What Is Verdejo Wine?
A little late for Valentine’s Day, but who ever really anticipates a tryst when hearts are involved?
A thick-skinned white grape, Verdejo (vur-day-hoe) is the offspring of Savagnin and Castellana Blanca. This zippy white grape, originally from Northern Africa, calls Rueda, Spain ‘home’. Probably brought to the region during the Moorish occupation of the Iberian Peninsula over 1,000 years ago.
Verdejo is a finicky grape for winemaking because it is highly susceptible to oxidation. Imagine a piece of cut apple left on the counter for a few hours, it slowly starts to turn brown. The same happens with Verdejo. Originally, the grapes were used to produce just this style – an oxidized wine, similar to Sherry, brown with nutty characteristics that was popular back in the day, but not so much with modern consumers.
It wasn’t until the 1970s when French winemaker Èmile Peynaud ventured down to assist the Rioja-based producer Marqués de Riscal launch a new venture to produce crisp, fresh white wines that Verdejo truly came into its own. Full-bodied red Rioja wines are wonderful, and they have their place, but in the hellishly-hot summers of Castilla y León, you need something light and refreshing.
Enter the White Wine Verdejo
Enologist Èmile Peynaud, credited as “the forefather of modern oenology”, brought the science of protective winemaking with him to the region, transforming Verdejo from an unexciting oxidized brew to something entirely unrecognizable – a quaffable and zippy vino blanco.
Because of the oxidation issue, producers need to handle these babies carefully. This starts in the vineyard. Growers harvest Verdejo at night instead of harvesting during the full heat of the day so that cool grapes come into the winery – this reduces grape browning. From there, most Verdejo winemakers will use temperature-controlled stainless steel to preserve freshness. Some producers use oak to add spice. Regardless of the style, they minimize oxygen contact.
The problem with Verdejo is that it’s Spain’s ‘other white wine’. If the average consumer thinks of getting a Spanish white, it’s typically an Albariño from Rías Baixas, up in the Northwest corner of the country, known as Green Spain.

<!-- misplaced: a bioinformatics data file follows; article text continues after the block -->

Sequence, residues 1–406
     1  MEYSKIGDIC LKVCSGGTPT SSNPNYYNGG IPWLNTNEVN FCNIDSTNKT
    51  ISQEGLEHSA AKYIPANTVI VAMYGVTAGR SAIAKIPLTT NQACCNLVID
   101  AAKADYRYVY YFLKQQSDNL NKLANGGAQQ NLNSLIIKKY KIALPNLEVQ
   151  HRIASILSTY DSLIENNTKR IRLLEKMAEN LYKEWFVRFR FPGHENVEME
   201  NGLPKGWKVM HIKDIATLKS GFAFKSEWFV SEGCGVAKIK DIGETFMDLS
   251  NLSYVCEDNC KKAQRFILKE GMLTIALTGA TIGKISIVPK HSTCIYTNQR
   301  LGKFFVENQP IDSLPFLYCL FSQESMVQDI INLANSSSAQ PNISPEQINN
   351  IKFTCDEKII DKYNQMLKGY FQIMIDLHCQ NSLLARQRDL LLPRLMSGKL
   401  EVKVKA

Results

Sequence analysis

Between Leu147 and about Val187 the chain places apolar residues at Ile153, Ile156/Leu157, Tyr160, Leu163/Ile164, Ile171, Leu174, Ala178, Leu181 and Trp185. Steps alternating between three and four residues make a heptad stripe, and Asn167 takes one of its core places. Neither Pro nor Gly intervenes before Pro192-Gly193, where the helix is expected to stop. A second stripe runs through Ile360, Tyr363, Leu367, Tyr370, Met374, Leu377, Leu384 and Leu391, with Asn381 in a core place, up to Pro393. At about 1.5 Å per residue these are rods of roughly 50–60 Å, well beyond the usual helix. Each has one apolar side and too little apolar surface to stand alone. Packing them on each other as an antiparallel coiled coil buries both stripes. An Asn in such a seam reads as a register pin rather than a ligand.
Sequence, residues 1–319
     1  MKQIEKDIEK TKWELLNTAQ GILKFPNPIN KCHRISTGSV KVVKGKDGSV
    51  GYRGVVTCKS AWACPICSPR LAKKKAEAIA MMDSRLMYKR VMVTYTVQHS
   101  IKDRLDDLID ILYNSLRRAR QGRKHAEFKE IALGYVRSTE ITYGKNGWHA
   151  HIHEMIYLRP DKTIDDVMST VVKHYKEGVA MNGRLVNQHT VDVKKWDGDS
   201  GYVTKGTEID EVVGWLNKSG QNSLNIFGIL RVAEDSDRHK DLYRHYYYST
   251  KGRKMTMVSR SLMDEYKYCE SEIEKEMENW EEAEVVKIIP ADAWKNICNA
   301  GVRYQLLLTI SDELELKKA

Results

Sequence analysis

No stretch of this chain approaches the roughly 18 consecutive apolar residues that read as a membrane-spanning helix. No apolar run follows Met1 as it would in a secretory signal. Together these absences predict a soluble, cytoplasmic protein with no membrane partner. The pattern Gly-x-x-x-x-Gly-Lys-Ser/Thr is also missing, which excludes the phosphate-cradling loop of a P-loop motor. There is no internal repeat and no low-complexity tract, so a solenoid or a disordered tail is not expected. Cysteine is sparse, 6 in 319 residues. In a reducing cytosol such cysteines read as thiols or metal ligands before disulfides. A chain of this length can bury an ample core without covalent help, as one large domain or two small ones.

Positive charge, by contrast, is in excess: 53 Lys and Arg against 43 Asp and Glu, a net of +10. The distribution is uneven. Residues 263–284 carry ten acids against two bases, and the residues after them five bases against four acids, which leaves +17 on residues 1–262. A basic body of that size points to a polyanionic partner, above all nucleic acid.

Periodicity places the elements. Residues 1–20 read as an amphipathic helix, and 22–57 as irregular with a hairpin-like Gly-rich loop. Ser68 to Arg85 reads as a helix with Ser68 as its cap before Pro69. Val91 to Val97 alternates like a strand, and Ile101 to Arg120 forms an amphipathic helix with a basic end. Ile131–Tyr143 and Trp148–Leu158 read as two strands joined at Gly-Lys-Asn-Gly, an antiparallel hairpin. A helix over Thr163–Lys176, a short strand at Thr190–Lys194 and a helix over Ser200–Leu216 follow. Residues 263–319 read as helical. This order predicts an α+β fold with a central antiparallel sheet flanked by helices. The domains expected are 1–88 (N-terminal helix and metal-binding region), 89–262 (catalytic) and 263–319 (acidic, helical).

Albariño is pleasant enough, but it’s not my new-found love, Verdejo.
Verdejo brings a weight to it that Albariño does not – along with a perfumed and aromatic elegance of lime, peach, and herbal notes. Today, Verdejo can be 100% varietal or blended with Sauvignon Blanc bringing additional acidity and complexity.
Drink now… but has potential for aging.
Verdejos with good acidity can age, developing notes of toasted nuts and orange peel.
Where Is Rueda?
The Rueda DO (Denominación de Origen) sits in the Duero River Valley in Castilla Y León, with river valley soils: gravel, limestone, and sandy limestone. The first DO of Castille y León, Rueda was formed in 1980. 99% of the grapes are white, and 87% of those are Verdejo. Rueda produces 40% of Spain’s vino blanco, the largest in the country. Why don’t we know more about Rueda?
Verdejo Tasting Note
Martínsancho 100% Verdejo
The Martínsancho winery website is a must-visit for a little armchair tourism. The winery has underground caves carved by hand during the Middle Ages. Inside are 6,000 liter American oak vats. 2017 is a special vintage, born under the watchful eye of Angel Rodriguez, one of the original founders of the Rueda DO and champion of the Verdejo grape. He passed away in 2018. This simplifies a legacy, though. In the 1970s producers were ripping out the unpopular Verdejo and replacing vineyards with Viura and Palomino. Angel Rodriguez hand-grafted 25 acres of premium vineyard land to Verdejo, preserving the grape from extinction and putting it on the path to regional fame.
What a wonderful reason to raise a glass of Verdejo!
Tasting Note: Pale lemon, clean – pronounced aromas of pear, blossom, peach honeysuckle. Dry, medium body, medium alcohol, medium(+) intensity, medium(+) finish. Add almonds to the palate in addition to the aroma notes. Very good wine.
Perfect Pairing: Moderately chilled with seafood, salads, or fish tacos. All work. You can imagine enjoying a glass of Verdejo along with your pinchos on a weekend afternoon in the summer.
I’ve decided that in my perfect world I would go into a restaurant and ask about the house white, the wait staff would look at me and respond in obvious impatience, “…but it’s a Verdejo, of course!”
Not likely to happen anytime soon.
Where do we grow Verdejo in the US?
The 2020 California Grape Crush Report lists only 182 tons of Verdejo harvested coming from Crush Districts 9, 10, and 11 – all in the Sierra Foothill regions. I couldn’t even find specific quantities for WA or OR.
If you find a domestic producer that makes Verdejo, grab a bottle and count yourself fortunate!
In the meantime, relocating to Spain will remain an option on the table for my white wine dalliances.
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I’m Erin, aka tèr·ra·ve·nos. I love the story of wine and lead a wine-infused life. If you’re interested in DIY wine education and discovering something new in your next bottle, then you’re in the right place –
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